Itsoseng is a township in South Africa, formerly part of the bantustan or homeland of Bophuthatswana set up in 1972 by the apartheid government who placed the corrupt and tyrannical Kgosi Lucas Mangope at the head of its government. In 1994, thirteen-year-old Omphile Molusi, who had been raised by his grandmother, moved there to live with his mother. That was the year that the apartheid regime gave way to democratic elections, when the ANC won 62% of the votes and the freed Nelson Mandela was elected president.
Mangope resisted the reincorporation of Bophuthatswana into South Africa and as elections came near its people rose against him, destroying properties that he had built, among them the shopping centre at the heart of Itsoseng. It is in the middle of that destroyed shopping centre, ten years later, that Molusi sets his play. In it a young man called Mawilla, whose mother used to work there as at a store cash desk, tells his story. Molusi himself plays Mawilla - and all the other characters he introduces - in a monologue that expresses the frustrations of a township where the new South Africa has failed to bring new life, where the shopping centre is still a burned out wasteland, where young men 'matriculate from high school to do drugs and alcohol.' He gives us a passionate account of the local situation, of unemployment, of the emptiness of revolutionary politics that seemed to offer 'free everything' but didn't deliver, of the failure of government to tackle their problems, and he tells us of is love for his childhood sweetheart Dolly, now driven to prostitution, a love which touchingly pervades the whole performance.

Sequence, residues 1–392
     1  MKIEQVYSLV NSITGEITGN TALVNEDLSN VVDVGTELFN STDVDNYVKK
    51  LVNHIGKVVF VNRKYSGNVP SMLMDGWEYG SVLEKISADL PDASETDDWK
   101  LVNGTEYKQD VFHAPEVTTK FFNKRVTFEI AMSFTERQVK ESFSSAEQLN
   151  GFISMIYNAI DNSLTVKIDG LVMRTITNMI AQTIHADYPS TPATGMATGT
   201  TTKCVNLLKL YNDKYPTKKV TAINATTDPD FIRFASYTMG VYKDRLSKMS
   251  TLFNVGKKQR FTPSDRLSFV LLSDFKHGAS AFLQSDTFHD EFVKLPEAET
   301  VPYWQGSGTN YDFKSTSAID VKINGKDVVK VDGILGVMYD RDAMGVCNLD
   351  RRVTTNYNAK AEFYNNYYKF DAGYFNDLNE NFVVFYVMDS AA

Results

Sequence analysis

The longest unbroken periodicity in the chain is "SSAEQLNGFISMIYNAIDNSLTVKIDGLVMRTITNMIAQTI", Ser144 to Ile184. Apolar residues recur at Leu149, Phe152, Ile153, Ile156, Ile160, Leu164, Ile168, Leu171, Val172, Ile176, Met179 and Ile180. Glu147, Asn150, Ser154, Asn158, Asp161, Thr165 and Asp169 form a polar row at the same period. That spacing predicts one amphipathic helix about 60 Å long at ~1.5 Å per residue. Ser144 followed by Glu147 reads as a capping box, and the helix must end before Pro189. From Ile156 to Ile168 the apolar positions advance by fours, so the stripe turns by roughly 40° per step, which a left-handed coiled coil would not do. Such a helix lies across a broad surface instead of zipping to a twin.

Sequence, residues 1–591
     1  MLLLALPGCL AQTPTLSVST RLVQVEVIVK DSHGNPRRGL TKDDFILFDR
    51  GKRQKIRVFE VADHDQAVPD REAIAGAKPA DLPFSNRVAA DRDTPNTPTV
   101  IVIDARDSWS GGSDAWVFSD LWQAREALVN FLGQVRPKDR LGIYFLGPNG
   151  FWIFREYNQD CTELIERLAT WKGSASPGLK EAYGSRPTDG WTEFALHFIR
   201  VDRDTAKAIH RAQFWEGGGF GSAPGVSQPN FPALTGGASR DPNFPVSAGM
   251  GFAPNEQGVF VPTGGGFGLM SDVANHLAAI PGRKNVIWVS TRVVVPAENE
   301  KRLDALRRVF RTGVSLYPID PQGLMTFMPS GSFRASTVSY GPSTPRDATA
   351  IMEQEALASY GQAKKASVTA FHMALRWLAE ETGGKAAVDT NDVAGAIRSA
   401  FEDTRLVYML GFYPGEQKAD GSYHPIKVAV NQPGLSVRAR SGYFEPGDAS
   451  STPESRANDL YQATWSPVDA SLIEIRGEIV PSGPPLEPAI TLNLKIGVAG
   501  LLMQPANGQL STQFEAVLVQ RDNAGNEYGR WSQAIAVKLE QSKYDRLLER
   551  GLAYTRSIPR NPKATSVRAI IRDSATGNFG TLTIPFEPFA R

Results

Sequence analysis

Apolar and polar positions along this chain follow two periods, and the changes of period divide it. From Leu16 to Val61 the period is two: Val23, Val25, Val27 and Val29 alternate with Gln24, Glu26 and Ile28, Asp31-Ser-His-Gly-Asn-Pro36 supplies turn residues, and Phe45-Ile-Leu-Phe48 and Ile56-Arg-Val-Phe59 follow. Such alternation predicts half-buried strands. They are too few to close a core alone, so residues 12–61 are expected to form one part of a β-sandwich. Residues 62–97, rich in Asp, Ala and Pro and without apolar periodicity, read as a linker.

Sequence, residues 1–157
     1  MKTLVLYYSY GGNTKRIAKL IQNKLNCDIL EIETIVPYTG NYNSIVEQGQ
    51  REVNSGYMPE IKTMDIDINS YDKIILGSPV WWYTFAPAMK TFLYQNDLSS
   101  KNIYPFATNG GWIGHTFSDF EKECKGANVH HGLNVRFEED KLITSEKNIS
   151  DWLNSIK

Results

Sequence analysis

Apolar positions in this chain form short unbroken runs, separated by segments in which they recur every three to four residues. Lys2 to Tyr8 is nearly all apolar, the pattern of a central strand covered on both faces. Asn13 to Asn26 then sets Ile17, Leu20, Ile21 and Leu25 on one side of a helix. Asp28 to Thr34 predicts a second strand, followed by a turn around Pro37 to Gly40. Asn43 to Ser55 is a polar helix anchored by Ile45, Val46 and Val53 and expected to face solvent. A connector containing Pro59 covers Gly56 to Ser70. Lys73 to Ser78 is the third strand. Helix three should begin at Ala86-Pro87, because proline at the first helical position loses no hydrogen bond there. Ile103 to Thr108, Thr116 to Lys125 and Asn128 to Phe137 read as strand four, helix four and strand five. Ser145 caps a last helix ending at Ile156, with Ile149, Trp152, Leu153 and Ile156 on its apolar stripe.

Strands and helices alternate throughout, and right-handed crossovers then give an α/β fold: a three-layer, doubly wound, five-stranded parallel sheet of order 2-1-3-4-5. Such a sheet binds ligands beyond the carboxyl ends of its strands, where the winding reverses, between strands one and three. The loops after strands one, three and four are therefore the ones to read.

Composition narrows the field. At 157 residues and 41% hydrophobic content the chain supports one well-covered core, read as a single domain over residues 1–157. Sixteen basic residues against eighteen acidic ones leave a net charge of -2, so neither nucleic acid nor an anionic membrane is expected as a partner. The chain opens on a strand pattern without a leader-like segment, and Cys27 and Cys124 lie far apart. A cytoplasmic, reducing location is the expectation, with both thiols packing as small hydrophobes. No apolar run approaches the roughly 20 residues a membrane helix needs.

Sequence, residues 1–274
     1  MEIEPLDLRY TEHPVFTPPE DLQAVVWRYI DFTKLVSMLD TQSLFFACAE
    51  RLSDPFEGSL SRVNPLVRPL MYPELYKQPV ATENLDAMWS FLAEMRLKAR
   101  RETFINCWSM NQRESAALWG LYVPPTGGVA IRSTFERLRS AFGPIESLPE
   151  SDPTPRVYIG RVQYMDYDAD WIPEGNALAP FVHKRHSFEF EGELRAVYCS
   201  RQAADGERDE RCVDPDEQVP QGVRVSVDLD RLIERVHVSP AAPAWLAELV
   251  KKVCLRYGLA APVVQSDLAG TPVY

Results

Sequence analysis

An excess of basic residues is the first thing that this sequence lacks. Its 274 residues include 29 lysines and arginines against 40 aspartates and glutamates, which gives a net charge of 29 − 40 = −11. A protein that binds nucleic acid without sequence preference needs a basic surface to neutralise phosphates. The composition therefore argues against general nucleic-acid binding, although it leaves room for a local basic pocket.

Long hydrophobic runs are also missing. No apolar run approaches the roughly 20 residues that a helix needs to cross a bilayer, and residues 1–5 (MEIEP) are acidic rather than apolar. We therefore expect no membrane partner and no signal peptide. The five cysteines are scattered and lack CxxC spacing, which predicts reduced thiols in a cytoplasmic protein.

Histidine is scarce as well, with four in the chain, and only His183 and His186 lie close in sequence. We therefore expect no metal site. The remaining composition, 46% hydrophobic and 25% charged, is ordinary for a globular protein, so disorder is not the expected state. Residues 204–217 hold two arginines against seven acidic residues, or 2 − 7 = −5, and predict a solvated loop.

Molusi's performance has a vitality and a physicality that stops this from being depressing. Mawilla is made to actively express his feelings, not wallow in negativity, but Molusi could afford to drop the pace more often for, when he does, he can be extremely moving as well as engaging. The name Itsoseng means 'wake yourselves up' and this is a stirring performance which aims to wake up its audience to the story its writer-performer tells.
Director Tina Johnson has staged it very simply on a bare stage except for piles of rubbish, using some of it and pieces of cloth and clothing from the metal trunk that Mawilla drags with him on stage to help suggest some of the other characters in the story or make a sort of shrine to Dolly. Strangely, for something so directly and straightforwardly presented it is marred by frequent and I thought ill-judged and unnecessary changes of lighting state which do not help the actor. Perhaps there was some technical problem on opening night for they sometimes seemed badly timed and left the actor unhelpfully unlit, but Molusi's performance was strong enough to hold the audience despite such distraction.
Until 27th September 2008
Reviewer: Howard Loxton